I love the Newtown library sale. Back in the day when I was homeschooling, I used to frequent all the library sales around here, but now I save myself for only the best. Newtown fills its Middle School’s cafeteria, auditorium, and gym with some 300,000 donated books. (The gym is shown above.) Many of the books are like new, and often a title will have several copies (they arrange the books alphabetically!) , so you can pick the best rendition. Sometimes you find things you didn’t even know existed. This is recycling at its best!
Two years ago, we were on our Newfoundland trip and missed this annual event, and last year it was cancelled because of the pandemic. It was very good to be back. Even though we were all still masked, it felt like things were starting to get back to normal. It was fun to run into book lovers I know and meet some new ones.
I bought 58 books for $111: 13 books of fiction and 8 of non-fiction for me, shown below. Some of them are authors I know that I’ve liked before, some are summer fluff-reading, and some I’ve heard are good, so I thought I’d give them a go. It is really impressive when looking over the bazillion novels in the sale, how many I’ve already read at a rate of 52 or more per year. At my stage of experience, that is really starting to add up!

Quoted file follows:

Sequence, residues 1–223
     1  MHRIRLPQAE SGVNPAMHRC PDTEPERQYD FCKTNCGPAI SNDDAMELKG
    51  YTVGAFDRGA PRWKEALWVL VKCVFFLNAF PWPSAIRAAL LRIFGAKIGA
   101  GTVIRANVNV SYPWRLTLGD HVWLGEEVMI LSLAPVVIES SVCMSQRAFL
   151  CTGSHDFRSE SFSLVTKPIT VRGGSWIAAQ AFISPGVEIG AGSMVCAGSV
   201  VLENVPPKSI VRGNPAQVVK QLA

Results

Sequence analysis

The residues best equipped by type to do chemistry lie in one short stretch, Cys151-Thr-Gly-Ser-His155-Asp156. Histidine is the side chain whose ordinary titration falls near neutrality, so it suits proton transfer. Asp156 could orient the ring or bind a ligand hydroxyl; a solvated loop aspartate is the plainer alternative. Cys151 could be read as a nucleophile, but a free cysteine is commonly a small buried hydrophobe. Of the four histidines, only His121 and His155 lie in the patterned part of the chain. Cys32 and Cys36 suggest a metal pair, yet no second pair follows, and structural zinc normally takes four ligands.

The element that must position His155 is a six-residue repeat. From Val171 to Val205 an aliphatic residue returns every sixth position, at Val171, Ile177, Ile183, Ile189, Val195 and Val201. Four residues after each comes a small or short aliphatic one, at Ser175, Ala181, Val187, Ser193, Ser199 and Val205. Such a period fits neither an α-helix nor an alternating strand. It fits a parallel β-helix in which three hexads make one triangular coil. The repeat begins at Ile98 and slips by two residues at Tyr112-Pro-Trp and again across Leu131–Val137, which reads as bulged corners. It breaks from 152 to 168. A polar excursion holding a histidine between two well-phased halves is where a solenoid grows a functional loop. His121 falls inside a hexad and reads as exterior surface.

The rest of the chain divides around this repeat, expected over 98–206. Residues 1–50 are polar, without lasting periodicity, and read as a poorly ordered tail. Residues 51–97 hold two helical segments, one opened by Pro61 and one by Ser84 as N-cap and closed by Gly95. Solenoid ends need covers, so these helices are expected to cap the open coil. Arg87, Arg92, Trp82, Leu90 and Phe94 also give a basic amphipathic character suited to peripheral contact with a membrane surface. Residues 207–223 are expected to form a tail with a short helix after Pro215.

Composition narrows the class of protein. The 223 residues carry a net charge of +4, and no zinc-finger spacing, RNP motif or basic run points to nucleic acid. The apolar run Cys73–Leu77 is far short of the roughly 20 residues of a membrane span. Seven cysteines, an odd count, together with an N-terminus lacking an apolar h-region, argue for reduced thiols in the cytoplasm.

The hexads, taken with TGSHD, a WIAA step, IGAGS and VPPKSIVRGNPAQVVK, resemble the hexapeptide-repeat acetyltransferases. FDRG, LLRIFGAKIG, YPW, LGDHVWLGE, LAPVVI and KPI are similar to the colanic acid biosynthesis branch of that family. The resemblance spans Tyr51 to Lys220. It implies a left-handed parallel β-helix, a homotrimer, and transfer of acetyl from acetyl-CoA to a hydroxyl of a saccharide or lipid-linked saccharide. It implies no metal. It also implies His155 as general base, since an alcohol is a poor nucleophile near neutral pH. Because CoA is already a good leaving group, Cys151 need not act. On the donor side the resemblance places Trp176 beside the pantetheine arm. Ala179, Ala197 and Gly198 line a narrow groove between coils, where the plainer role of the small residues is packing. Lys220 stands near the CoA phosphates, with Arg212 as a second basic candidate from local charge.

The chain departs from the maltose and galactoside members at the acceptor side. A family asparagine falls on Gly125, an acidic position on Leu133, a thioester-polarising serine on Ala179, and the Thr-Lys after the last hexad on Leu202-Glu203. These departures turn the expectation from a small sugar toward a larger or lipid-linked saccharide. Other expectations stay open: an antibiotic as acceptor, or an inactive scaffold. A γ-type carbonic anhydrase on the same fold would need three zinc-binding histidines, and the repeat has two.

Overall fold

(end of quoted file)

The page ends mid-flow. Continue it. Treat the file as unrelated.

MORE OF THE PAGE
When I look at what fiction to read next, I have a couple of litmus tests on choosing things after reading the back cover or the jacket. If it says, “heartbreaking.” “dysfunctional,” “violent,” “dark,” “ghost,” “broken,” “tragic,” “betrayal,” “loss,” or “sad,” I skip it. I opt for “profound,” “luminous,” “satisfying,” “fun,” “brilliant,” “creative,” “entertaining,” “true,” “stunning,” “engaging,” “splendid,” “insightful,” “triumphant,” “transcendent,” “fresh,” “sweeping,” “incandescent,” “fascinating,” “wise,” “irresistible,” and “heartwarming.” These are the books that jump into my pile. Since I know well that we get more of what we focus on, I take that seriously by avoiding unproductive or downward spiraling story arcs.
The balance –37 books– I bought for gift giving (not shown here!). This is a great boon for birthdays and Christmas for my extended family. I keep a record in my Evernote app of what books I’ve given each person over the years, so I don’t goof up and buy a duplicate for them. These people know I give them second hand books. I operate on the theory that it is the thought and effort that counts in gift giving, not the money and materialism thrown at it. People generally seem to like this approach, partly because I really do try to choose well, especially for them, but also there is a freedom surrounding the generosity, since they know I didn’t break the bank to do it.
This glorious library sale is a perfect example of the happy abundance that comes from having more from less. It is a classic example of the spiritual adage, “What blesses one blesses all.” It all feels like a gift to me from those unknown but generous donors, who already got their good out of these and are glad to no longer have them encroaching on their space. It is actually a terrific fundraiser for a library system I make a lot of use out of as well. Meanwhile, I financially support my local independent bookstore by getting my audiobooks through libro.FM (instead of Audible) which supports the brick-and-mortar bookstore of your choice. How you get your books matters both for the environment and for local communities!